Kevin J. Olival
Dr. Kevin J. Olival is Vice President for Research at EcoHealth Alliance, a global non-profit based in New York, USA dedicated to protecting wildlife and public health. His research over the last 15 years has focused on understanding the ecology and evolution of bats and the pathogens and parasites they live with. He has worked on a range of emerging infectious diseases, particularly viral zoonoses but also including wildlife diseases like White Nose Syndrome. Dr. Olival has been at the forefront of international field investigations to understand the origins, ecology, and transmission of: Nipah virus in Bangladesh and Malaysia; Coronaviruses in Southeast Asia, China, and Western Asia/Middle East; and Filoviruses in the Philippines, Bangladesh, and elsewhere. He is the Modeling and Analytics coordinator for the USAID PREDICT-2 project, and also oversees wildlife disease surveillance efforts in multiple countries under the project. Dr. Olival is passionate about using sound science to inform policies for both public health and bat conservation, and fostering communication between these two research communities.
Prof. Emma Teeling is an international leader in the cross-cutting fields of mammalian phylogenetics and comparative genomics, with particular expertise in bat biology. She established the Laboratory of Molecular Evolution and Mammalian Phylogenetics in 2005, is the Founding Director of the Centre for Irish Bat Research at University College Dublin (UCD) and is the Head of Zoology, UCD (2018-present). She has been awarded prestigious grants- European Research Council (ERC) Starting grant (2013-2018), a Science Foundation Ireland (SFI), President of Ireland Young Researcher Award (2006-2012) and recently an Irish Research Council (IRC) Laureate Award (2018-2022). She successfully leads a prolific, internationally renowned research team of typically 10 people and has secured over >€5M in research funding. Her record of leadership and research excellence is demonstrated by her publication record of >93 internationally peer-reviewed papers, 6 book chapters, 4 invited subject reviews. A number of these publications have over-turned conventional paradigms in mammalian biology and therefore have been published in high profile journals such as Nature (n=1), Science (n=4), Proceedings of the National Academy of Sciences (n=3), Nature Communications (n=1), Nature Ecology and Evolution (n=1), Science Advances (n=1). Her high standing in the international community is highlighted by a total citation record of >7325; prestigious international keynote lectures; invited high profile collaborations such as Genome 10K (includes 64 scientific leaders assembled to sequence 10,000 vertebrate genomes); and, high profile invited public presentations (e.g. TEDx talk; ~ 512,138 views; BBC’s Science Club with Dara Ó Briain); nomination to prestigious academic boards and institutes (e.g. Irish Research Council Board, 2015; Member of Royal Irish Academy, 2016) and has been awarded Chevalier des Palmes Académiques, 2017 by the French Government for her research into bat biology.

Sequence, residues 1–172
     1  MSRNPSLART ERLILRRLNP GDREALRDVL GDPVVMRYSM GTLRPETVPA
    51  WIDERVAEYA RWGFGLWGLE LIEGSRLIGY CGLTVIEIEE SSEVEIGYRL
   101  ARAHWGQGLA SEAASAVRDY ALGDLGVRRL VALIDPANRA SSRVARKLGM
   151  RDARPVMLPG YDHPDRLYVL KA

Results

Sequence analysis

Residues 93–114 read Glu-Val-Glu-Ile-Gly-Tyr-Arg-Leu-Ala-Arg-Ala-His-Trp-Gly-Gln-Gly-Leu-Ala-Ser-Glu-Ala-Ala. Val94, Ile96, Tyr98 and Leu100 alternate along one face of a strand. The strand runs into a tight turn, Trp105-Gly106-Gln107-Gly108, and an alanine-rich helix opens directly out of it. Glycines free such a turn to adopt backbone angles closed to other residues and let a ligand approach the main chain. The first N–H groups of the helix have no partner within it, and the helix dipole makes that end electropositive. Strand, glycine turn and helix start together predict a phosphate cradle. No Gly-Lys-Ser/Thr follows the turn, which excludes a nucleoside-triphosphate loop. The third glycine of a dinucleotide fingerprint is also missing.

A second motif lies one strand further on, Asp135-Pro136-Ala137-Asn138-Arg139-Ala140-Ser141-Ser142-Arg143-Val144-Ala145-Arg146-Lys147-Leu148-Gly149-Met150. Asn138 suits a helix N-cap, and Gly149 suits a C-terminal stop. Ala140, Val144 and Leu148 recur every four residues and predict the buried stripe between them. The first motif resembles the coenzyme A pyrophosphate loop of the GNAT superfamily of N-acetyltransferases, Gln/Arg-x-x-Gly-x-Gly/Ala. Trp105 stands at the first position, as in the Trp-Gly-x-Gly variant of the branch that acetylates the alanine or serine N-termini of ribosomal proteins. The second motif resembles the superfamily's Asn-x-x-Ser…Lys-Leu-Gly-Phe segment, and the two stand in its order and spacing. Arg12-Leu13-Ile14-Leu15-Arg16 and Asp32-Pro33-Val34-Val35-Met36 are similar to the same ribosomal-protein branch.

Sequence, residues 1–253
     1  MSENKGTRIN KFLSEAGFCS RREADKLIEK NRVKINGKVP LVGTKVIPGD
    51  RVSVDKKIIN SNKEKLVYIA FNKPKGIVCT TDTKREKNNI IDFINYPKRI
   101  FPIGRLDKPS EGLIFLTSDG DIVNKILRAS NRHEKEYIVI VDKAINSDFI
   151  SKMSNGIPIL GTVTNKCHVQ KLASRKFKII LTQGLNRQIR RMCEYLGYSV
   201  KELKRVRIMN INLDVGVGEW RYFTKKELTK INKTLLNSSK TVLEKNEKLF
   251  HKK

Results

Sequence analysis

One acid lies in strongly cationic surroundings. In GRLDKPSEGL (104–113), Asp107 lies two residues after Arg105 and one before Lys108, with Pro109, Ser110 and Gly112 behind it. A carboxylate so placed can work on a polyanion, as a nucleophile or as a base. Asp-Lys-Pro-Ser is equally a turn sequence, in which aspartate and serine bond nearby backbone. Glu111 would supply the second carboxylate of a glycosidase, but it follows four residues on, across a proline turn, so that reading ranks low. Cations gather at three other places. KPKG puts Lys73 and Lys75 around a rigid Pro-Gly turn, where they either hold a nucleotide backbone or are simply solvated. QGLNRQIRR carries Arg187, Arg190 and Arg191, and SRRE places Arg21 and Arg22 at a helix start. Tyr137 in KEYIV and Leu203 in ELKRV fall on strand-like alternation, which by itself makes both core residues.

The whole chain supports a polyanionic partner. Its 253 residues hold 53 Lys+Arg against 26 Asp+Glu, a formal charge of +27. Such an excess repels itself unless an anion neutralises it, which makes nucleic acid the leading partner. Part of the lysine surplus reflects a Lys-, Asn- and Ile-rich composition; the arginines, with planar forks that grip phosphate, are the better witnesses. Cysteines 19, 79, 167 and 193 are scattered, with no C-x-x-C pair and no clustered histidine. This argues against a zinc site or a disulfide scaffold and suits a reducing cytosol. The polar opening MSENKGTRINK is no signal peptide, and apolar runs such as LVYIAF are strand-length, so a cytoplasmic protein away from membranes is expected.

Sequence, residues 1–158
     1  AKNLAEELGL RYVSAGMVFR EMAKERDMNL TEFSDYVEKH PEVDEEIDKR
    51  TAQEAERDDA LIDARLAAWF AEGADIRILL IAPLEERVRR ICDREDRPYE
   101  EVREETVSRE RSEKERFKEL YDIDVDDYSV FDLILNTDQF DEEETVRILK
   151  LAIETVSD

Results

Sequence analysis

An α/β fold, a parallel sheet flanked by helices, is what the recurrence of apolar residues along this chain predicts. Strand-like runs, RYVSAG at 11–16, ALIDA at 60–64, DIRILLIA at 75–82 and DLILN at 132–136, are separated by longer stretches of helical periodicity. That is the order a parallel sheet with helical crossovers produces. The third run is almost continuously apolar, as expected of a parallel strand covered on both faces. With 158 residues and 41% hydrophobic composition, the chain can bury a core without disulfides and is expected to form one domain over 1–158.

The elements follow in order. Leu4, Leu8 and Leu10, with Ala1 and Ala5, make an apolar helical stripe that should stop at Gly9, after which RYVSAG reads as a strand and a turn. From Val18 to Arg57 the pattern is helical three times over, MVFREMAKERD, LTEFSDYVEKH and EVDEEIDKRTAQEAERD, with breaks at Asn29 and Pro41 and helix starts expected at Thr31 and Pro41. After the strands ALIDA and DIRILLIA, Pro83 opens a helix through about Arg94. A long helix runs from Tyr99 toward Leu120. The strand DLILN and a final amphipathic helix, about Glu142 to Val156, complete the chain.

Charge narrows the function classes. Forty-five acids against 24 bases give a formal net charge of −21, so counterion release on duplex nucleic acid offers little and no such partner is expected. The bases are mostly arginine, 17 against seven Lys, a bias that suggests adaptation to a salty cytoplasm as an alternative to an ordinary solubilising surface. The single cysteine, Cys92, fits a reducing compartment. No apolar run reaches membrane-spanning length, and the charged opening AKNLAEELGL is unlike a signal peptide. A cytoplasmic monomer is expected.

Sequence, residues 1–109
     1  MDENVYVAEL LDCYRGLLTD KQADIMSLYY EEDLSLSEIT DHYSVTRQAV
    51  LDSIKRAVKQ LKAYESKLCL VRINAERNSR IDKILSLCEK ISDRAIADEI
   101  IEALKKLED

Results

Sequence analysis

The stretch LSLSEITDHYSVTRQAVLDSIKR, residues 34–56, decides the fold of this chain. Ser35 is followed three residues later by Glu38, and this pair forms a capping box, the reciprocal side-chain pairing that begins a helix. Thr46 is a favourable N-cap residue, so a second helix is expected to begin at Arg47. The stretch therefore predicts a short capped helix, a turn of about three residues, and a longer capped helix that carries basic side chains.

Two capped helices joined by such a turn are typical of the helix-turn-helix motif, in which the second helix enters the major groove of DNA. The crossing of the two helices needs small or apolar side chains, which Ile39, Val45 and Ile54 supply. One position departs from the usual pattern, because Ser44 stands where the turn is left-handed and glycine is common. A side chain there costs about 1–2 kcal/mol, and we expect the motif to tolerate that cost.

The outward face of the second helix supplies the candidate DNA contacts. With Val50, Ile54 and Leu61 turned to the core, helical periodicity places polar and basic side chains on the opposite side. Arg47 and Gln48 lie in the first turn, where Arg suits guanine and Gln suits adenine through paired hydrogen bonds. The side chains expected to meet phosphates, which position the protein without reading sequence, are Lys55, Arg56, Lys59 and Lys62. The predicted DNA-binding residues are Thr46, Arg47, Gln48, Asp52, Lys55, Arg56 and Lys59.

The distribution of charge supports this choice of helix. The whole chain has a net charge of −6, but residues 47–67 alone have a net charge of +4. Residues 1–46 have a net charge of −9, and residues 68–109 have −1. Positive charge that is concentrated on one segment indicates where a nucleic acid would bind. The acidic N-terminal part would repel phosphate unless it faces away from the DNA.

Dr Tanja Straka is a postdoctoral research fellow at the Leibniz Institute for Zoo and Wildlife Research in Berlin. Tanja’s research interests are centred around human-wildlife relationships, with a focus on bats in urban areas, and public engagement. Combining ecological research with social science theories, her interests have led to hold roles both in environmental NGOs and academia. She received her PhD in 2015 at the University of Melbourne, and her German Diplom in biology at the Ludwig Maximilian University of Munich. Her work brought her around the world studying bats in Germany, India, New Zealand and Australia. Tanja is a committee member of the ‘International Association for Society and Natural Resource (IASNR)’ professional development group which supports students in their career undertaking interdisciplinary research, a ‘Women for Nature’ (Yves Rocher) awardee and former Conservation Leadership Fellow from the University of Queensland.
Asst. Prof. Dr. Sara Bumrungsri is a lecturer and also be a head of the department of Biology, Faculty of Science, Prince of Songkla University. Sara’s research interests are bat ecology and conservation. For fruit bat, he focus on foraging ecology of fruit bats and its role in pollination of canopy trees such as durian and petai, and mangrove tree. For insect eating bats, his current research deals with biology of open space bats like Chaerephon plicatus, a colonial bats which providing pest suppression service in rice field ecosystem. He received his PhD (Conservation Biology) in 2002 at University of Aberdeen and Spellazani award in 2010.